Sable: Even Black or Liver laced hairs over a solid foundation such as Red Sable, Fawn Sable or Sable Dilute (Apricot Dilute with Chocolate hairs laced through. A true sable does not have a lighter butterfly pattern on the chest nor Doberman points on the head. Legs are laced evenly. A Saddle pattern is also not a true sable.

Red: Rare in this breed. Can be shades of Mahogany Red or Orange. Very dark and intense. Usually with very little variation of colour through entire coat. Nails can be black or self coloured. Black nose unless dilute. Eyes can be dark or amber.

Blue Blues can range from very dark blue which is usually seen in brush coats and a light silvery blue usually seen in horse coats. Puppies are all usually lighter in colour at birth. Often with blue eyes at birth...going dark, amber or a yellow blue as adults tongue colour can range from lavender to dark blue. Nails are self colored.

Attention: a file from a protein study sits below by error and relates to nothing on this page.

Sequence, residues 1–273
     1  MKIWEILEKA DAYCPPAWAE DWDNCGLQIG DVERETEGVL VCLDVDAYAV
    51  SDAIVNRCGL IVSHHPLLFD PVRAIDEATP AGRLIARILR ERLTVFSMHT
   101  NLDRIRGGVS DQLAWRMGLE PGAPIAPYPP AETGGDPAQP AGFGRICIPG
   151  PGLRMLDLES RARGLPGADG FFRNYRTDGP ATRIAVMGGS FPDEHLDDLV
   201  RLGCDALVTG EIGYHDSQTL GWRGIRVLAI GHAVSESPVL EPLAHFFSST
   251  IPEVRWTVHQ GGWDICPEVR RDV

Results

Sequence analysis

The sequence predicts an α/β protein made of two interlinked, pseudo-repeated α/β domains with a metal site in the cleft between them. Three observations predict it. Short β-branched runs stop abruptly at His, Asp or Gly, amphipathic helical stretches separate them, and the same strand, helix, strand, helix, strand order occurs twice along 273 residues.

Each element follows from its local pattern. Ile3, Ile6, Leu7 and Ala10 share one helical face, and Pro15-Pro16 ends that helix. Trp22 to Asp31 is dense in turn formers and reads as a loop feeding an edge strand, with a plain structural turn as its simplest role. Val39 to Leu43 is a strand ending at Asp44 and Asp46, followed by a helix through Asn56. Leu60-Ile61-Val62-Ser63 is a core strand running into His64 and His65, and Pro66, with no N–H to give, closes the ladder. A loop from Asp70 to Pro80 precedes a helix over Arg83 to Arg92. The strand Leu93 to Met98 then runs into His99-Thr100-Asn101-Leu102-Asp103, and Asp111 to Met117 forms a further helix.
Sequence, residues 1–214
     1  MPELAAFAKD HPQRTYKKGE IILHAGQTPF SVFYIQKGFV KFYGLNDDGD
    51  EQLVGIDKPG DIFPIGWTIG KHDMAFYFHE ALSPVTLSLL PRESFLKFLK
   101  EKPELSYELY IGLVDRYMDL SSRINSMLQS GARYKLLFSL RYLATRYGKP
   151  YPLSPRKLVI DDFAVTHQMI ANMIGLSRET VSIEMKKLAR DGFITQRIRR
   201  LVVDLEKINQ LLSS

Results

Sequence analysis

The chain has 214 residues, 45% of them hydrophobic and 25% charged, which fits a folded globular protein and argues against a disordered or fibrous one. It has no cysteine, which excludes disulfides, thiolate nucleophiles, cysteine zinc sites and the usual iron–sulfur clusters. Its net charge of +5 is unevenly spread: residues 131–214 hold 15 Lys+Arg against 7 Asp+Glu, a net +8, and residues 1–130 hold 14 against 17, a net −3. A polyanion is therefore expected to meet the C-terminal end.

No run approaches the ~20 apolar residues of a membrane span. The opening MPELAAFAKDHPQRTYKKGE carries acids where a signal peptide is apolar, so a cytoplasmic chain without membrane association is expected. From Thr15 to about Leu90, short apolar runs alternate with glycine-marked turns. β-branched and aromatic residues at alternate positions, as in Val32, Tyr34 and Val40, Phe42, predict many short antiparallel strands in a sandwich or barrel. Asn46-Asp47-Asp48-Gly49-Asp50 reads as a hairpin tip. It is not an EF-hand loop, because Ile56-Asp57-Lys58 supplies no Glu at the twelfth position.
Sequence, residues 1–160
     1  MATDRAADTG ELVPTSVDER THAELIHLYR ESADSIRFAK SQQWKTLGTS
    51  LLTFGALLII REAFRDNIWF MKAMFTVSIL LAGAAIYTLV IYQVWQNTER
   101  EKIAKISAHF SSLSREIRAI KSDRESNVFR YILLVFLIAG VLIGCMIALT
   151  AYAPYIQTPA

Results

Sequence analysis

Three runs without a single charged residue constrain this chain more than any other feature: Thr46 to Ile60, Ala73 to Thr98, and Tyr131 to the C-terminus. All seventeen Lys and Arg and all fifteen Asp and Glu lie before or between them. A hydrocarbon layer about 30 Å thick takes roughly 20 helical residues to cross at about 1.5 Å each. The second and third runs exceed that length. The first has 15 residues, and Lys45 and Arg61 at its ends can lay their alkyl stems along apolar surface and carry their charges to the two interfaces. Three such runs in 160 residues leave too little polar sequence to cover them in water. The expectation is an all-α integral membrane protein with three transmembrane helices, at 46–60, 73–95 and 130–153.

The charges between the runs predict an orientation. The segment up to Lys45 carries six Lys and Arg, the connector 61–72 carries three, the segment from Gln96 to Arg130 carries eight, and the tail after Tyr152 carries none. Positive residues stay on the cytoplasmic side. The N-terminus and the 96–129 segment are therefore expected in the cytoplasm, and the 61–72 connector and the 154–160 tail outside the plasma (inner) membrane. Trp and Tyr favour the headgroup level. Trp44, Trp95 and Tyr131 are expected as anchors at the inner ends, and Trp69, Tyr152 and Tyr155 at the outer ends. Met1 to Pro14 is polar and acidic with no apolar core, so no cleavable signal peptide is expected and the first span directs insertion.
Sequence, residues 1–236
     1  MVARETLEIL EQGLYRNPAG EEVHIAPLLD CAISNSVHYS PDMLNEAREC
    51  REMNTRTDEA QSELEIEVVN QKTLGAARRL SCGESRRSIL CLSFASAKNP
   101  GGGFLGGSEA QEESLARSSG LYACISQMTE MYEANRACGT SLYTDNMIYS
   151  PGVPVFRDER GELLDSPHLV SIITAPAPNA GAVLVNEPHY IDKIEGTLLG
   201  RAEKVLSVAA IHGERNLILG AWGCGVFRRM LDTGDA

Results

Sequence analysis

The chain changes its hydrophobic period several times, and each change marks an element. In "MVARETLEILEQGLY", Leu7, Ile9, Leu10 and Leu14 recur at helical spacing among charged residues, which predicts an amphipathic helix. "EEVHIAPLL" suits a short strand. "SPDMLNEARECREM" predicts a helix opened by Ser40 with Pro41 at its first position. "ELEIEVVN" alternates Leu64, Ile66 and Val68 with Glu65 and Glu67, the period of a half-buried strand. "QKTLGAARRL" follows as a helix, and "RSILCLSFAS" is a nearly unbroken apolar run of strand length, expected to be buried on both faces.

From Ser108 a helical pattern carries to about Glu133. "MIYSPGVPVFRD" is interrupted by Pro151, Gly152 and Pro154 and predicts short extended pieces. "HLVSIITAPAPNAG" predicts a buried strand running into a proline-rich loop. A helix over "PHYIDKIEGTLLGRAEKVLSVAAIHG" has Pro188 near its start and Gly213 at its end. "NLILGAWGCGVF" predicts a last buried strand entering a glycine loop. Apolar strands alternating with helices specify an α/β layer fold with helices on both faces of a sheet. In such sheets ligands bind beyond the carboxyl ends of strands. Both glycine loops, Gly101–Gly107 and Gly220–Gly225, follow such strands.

Isabella: A dusty rose colour coat with blue masking on face and a blue dorsal stripe. Darker points, dark or lavender tongue colour . Important: some Isabella's are born completely blue at birth with the only noticeable difference from their blue litter mates is a fawn shading appearing on the top of the head. By 10 weeks or so, the change is dramatic from blue to isabella. Part of the blue gene group.

Lilac Presently the rarest of all colours. A chocolately blue dilute colour giving the appearance of purple. The same colour as an Weimaraner. Always found in dilute only. Darker Lilac is usually found on brush coats and the lighter Lilac is identified in horse coats. Part of the blue gene group.

Flowered: At Least a 3/4 coloured head , often with an inverted "^" in the back of head over a white background. The same colour can be found in patches and ticking throughout the body. Can be found in all colours including blue and sable. Not to be confused with the Irish Spotting Gene..white boots, chest blaze and tip of tail. Most Flowered have either very light or pink tongue colour. Lavender tongues are often found on dilutes. Occasionally can be found with a dark tongue.

The Chinese Shar-Pei is an evolving breed and there is always the possibility of more or varied colours.